Mixed feelings over produce market

Mixed feelings over produce market
Published: 02 June 2022
Informal traders in the City of Mutare have raised mixed feelings over the establishment of a produce market in the sprawling suburb of Dangamvura.

The Mutare City Council in partnership with Care and the United Nations Development Programme, set up the Mukwena Main Produce Market in Dangamvura, Mutare.

Some vendors told the Business Times the introduction of the produce market at their door step would ‘kill' their business particularly retailers of the produce.

"The produce market is a result of the realisation that some of our membership was having challenges on travelling far to get their produce for resale, and also that the mark up price on goods would be high to the consumers," the Manicaland Informal Traders Association president Itai Kariparire, said.

He added: "On the other brighter side, the wholesalers of the produce would have a safe and secure place to conduct business where they are protected from the sun, rain and other adverse weather conditions unlike in open spaces."

However, the move has irked some retailers who argue that their customers would be diminished since they have a chance of buying directly from the producers.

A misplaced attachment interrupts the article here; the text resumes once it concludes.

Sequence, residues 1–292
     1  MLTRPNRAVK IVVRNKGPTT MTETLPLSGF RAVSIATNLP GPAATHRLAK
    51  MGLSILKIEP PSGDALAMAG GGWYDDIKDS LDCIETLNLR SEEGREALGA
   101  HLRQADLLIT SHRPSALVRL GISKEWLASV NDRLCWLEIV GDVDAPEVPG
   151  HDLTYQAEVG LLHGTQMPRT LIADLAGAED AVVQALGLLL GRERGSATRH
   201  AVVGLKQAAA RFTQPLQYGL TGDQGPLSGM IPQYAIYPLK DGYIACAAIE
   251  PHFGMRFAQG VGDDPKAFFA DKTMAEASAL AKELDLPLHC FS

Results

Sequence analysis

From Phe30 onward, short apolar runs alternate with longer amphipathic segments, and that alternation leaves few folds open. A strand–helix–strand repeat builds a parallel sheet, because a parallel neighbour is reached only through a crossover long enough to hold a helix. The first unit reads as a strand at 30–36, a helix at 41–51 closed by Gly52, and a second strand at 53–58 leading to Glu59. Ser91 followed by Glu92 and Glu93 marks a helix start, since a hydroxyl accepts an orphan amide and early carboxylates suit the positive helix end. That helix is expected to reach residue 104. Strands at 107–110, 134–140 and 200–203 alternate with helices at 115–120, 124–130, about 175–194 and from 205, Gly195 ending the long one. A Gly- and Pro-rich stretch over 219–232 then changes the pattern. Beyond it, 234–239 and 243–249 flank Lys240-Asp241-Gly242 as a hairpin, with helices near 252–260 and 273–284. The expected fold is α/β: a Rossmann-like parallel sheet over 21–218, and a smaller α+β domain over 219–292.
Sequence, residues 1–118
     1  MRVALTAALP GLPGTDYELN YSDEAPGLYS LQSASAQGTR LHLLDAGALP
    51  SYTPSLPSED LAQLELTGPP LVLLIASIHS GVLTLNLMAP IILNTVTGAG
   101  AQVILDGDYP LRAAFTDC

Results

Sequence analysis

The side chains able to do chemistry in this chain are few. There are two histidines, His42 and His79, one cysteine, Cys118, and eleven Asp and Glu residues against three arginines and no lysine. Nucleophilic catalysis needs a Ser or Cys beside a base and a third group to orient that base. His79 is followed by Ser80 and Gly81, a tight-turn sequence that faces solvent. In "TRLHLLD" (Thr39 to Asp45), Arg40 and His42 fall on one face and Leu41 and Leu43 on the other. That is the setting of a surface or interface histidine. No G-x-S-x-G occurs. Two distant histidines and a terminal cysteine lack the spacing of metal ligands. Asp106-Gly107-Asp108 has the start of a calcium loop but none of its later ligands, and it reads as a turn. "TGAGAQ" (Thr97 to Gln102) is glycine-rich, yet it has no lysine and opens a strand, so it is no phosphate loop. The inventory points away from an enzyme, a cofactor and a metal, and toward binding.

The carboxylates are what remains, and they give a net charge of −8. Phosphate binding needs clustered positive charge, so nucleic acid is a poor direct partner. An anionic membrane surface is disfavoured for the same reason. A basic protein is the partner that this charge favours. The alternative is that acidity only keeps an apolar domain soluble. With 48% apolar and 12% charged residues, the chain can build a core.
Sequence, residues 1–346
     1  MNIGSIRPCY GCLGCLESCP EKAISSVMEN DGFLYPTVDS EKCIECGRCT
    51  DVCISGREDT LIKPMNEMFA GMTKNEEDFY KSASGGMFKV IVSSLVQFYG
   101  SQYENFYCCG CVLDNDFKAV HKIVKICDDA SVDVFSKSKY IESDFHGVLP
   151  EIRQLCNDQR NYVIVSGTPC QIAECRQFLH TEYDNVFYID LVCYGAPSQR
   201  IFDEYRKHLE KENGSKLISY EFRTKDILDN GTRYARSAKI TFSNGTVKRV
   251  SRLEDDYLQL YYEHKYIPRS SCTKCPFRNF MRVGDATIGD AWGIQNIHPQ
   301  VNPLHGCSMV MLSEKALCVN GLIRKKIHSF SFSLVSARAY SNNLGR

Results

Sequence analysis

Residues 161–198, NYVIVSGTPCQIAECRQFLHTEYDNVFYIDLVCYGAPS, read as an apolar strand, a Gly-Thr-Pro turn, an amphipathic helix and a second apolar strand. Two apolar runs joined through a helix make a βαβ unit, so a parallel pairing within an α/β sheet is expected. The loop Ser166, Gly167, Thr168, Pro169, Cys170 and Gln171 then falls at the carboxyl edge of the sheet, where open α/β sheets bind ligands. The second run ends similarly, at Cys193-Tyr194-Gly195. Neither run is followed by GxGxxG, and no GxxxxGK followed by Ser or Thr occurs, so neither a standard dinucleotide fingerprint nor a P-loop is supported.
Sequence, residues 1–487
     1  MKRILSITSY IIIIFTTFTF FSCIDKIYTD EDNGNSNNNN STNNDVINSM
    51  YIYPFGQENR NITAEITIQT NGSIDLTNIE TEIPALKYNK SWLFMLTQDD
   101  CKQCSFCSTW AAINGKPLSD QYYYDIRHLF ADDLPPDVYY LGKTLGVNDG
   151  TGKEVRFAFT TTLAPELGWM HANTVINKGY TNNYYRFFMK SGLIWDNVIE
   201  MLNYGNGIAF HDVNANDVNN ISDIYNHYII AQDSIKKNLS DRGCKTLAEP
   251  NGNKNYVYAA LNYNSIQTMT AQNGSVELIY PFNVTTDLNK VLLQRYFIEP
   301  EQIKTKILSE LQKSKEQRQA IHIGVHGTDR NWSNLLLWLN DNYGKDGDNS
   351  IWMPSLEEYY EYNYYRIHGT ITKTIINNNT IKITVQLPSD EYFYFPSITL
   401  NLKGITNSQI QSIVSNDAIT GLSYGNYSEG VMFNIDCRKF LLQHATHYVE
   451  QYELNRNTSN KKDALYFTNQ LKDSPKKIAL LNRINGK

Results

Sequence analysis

Vegetable vendor Shamiso Chikati said she was saddened by the development as her business would crumble.

"I have no idea where to start from as customers would buy straight from the producers that are now on our doorsteps. We are finished," Chikati said.

She added: "The fact that the producers accept small quantities in their sales means that we have been driven out of business."

Dangamvura resident Prisca Chaeruka welcomed the strategic location of the new market which she said was a timely shot in the arm of families that have limited disposable incomes for basic foodstuff.

"We are grateful for this development as we can now access the produce nearby and at a wholesale prices. Many of us were finding it unbearable to travel far to get fruits, vegetables among other produce. Local retailer vendors and informal traders were charging us an arm and a leg," Chaeruka said.

But Kariparire reassured some panicky informal traders that the market would be open at designated times so they could hoard their produce and resell later as not all the consumers would have the time to swarm to the produce market.

"There is no reason to worry as the market will be open at certain times and then close. We do not expect everyone to come and buy at the set times from the main market," Kariparire said.

The city council is planning to establish more markets around the city's high residential suburbs to decongest areas where residents conduct business in a bid to control the spread of Covid-19.
- Business Times
Tags: Produce,


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